The anniversary of the movement, which began May 16, 1966 and consumed the country in 10 years of chaos and bloodshed
, has otherwise been largely ignored by official voices in the country.
The commentary, published late Monday, said the Cultural Revolution, when Chairman Mao Zedong's Red Guards rampaged across the country, was "mistakenly launched" and caused "comprehensive and serious" damage.
"History has fully proved that the Cultural Revolution was completely wrong in theory and in practice. It was not and will not be any revolution or social progress in any sense," it said.
The Global Times,
a more tabloid newspaper, also ran a piece similar in tone that was published online Tuesday:
"We have said 'bye-bye' to the Cultural Revolution. And we can say it again today that Cultural Revolution cannot and will not start all over again. The Cultural Revolution doesn't have its place in today's China."
Andrew Walder, author of "China Under Mao: A Revolution Derailed
" said that period is still a sour subject in China.
"The government today is no where near as open as discussing this period as they were in late 1970s and 1980s when they widely described what happened in great detail to turn the country in a new direction," he told CNN.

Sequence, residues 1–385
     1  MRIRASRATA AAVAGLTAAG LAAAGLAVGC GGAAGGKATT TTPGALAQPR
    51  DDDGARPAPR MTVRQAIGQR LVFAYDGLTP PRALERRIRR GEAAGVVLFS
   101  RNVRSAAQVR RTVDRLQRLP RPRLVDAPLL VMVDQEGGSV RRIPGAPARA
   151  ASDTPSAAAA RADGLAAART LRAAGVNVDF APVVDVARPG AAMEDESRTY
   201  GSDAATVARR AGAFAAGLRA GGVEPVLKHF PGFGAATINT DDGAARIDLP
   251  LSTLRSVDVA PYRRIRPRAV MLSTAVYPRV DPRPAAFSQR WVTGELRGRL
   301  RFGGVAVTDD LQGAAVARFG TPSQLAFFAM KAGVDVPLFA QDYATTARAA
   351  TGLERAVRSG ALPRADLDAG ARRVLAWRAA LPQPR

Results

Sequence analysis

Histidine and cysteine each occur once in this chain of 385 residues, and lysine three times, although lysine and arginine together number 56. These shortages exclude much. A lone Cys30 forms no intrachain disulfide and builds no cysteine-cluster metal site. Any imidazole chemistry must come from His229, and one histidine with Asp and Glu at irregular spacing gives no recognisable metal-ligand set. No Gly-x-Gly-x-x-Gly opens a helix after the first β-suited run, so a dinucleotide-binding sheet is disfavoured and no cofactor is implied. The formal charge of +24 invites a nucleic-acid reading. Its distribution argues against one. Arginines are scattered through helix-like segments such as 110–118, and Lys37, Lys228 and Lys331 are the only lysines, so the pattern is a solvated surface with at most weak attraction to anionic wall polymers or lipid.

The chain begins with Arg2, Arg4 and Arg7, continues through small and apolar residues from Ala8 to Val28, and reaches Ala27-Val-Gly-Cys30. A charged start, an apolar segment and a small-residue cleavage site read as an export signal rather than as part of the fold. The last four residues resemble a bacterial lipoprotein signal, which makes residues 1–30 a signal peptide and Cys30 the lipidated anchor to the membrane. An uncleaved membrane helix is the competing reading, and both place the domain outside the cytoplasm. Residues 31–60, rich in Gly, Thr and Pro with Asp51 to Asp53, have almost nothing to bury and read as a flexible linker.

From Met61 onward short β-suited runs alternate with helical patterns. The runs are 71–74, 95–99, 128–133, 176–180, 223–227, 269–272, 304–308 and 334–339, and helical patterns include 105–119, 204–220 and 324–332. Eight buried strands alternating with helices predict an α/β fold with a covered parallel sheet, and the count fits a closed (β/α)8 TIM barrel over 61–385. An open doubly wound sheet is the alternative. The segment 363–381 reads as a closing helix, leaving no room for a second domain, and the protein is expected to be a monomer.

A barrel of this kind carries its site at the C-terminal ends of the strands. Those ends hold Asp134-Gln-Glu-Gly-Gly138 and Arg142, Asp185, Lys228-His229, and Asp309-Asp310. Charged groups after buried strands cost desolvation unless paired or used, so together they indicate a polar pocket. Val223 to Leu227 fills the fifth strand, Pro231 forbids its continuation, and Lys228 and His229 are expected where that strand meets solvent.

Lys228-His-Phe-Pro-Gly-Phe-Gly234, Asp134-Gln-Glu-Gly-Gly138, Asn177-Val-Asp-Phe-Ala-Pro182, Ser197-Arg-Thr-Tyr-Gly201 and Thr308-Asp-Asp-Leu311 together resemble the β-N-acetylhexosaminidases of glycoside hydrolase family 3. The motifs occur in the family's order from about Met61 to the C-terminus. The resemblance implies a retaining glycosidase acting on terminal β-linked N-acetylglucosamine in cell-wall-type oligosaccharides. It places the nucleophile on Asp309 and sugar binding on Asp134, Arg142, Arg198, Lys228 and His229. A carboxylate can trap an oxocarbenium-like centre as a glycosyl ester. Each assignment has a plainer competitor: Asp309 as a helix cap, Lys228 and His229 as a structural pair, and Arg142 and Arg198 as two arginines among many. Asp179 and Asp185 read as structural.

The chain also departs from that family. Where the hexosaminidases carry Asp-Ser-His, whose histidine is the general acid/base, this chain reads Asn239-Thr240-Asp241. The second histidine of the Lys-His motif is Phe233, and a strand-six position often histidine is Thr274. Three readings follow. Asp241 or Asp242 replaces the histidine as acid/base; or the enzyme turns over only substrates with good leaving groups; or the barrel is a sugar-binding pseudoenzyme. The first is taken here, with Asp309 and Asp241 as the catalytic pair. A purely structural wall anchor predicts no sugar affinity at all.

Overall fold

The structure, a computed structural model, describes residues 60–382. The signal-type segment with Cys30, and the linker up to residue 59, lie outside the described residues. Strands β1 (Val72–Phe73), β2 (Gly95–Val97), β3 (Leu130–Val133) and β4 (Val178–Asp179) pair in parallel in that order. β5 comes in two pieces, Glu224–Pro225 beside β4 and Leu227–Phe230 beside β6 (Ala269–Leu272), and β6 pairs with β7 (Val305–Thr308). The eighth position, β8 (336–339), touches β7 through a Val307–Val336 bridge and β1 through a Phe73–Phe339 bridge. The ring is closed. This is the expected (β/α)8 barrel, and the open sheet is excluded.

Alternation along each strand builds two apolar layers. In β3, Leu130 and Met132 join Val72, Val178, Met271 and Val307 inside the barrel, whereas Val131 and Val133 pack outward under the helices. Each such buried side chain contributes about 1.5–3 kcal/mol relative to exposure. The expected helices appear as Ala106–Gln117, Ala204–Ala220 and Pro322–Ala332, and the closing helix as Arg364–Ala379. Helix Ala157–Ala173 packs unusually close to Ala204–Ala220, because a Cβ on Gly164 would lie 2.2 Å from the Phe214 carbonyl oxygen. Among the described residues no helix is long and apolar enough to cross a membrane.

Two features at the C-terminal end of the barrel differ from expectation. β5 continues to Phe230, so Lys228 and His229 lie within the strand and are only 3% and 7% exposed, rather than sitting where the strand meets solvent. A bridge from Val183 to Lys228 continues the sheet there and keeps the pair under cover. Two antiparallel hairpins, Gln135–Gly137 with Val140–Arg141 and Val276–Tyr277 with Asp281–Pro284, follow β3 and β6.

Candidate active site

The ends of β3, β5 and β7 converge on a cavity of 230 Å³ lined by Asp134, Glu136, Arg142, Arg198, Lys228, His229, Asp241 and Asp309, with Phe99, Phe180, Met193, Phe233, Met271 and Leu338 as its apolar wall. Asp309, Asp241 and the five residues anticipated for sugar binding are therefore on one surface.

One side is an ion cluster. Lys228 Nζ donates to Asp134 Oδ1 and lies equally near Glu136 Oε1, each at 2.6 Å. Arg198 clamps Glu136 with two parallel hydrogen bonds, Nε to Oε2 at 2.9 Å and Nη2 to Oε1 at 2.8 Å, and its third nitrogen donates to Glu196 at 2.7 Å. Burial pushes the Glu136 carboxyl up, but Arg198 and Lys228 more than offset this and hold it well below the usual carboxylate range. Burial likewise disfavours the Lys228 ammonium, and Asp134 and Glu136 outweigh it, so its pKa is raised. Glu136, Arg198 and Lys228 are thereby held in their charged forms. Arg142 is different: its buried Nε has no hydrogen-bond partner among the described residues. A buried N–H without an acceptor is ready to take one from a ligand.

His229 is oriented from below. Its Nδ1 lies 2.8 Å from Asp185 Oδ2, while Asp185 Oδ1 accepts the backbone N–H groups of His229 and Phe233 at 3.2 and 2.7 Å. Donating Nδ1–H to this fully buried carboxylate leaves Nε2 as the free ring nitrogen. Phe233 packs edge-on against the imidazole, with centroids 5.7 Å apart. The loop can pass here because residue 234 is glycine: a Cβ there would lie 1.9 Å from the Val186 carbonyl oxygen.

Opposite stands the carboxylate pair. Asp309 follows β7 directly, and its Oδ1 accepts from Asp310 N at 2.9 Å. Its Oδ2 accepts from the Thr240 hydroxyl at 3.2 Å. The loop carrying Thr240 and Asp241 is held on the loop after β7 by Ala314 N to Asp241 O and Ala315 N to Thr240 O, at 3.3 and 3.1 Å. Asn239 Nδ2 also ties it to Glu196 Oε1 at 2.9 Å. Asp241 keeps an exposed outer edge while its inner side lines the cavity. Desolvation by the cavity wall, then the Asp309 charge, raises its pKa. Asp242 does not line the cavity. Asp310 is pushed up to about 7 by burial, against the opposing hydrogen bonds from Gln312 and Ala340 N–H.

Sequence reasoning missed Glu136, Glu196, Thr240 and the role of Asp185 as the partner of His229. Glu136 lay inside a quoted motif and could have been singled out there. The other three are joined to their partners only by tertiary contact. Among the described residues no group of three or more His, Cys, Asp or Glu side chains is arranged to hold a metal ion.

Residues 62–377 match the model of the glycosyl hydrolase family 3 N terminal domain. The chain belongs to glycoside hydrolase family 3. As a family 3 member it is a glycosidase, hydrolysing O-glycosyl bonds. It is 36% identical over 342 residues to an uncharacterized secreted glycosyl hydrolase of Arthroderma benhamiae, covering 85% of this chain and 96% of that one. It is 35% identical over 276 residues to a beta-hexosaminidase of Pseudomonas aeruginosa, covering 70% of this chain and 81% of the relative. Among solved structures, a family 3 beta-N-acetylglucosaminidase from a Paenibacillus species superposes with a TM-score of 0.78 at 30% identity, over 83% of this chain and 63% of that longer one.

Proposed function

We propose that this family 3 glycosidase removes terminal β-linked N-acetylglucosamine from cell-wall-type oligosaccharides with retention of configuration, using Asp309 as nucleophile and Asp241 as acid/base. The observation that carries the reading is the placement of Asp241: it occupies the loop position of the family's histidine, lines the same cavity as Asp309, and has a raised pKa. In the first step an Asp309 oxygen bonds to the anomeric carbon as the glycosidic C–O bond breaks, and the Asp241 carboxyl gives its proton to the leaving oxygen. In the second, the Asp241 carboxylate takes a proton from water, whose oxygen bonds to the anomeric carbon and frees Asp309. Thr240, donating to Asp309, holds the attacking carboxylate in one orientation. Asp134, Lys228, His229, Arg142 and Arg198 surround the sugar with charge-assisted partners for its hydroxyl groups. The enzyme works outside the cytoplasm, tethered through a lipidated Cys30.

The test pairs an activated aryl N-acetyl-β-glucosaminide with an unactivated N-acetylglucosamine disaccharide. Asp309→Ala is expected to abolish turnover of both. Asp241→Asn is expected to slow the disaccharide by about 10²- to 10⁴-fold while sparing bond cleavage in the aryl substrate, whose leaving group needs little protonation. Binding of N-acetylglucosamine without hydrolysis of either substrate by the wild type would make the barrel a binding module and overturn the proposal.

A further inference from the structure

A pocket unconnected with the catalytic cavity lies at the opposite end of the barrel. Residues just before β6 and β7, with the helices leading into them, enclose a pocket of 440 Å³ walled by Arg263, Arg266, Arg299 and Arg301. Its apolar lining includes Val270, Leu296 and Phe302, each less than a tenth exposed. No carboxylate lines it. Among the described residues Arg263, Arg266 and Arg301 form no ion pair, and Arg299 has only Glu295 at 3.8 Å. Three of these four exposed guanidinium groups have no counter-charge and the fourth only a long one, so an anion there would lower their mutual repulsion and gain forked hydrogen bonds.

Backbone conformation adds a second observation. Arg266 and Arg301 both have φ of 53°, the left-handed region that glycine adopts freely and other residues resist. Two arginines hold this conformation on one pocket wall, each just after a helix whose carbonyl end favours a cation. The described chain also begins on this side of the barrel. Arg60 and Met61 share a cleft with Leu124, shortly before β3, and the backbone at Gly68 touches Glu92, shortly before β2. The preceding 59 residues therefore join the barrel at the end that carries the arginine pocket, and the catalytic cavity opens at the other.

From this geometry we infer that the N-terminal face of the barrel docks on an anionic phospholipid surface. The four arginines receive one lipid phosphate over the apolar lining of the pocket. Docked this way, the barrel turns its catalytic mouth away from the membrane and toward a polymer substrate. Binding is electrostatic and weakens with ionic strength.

Officially, the Chinese Communist Party denounced the Cultural Revolution decades ago and the two commentaries toed the official line, but many Chinese still revere Mao.
"The entire history of the Chinese Communist Party revolves around the personality of Mao," Frank Dikotter, author of "The Cultural Revolution: A People's History
," told CNN. "Which is why the Party will never, ever promote a critical examination of its own of its own history."
Critics and some survivors of the Cultural Revolution also say that current President Xi Jinping has taken a page from Mao's playbook, consolidating power and demanding total party control over society.
It remains to be seen whether the lip service paid by state media to the anniversary will satisfy those who lived through the chaotic period.
"Fifty years on, however, I am worried by the increasing leader-worship we see in state media, similar to the ideological fervor that surrounded Mao," Yu Xiangzhen, a former Red Guard, told CNN before Monday's anniversary.
"We must stay vigilant. We can't have the gruesome brutality of the Cultural Revolution start again."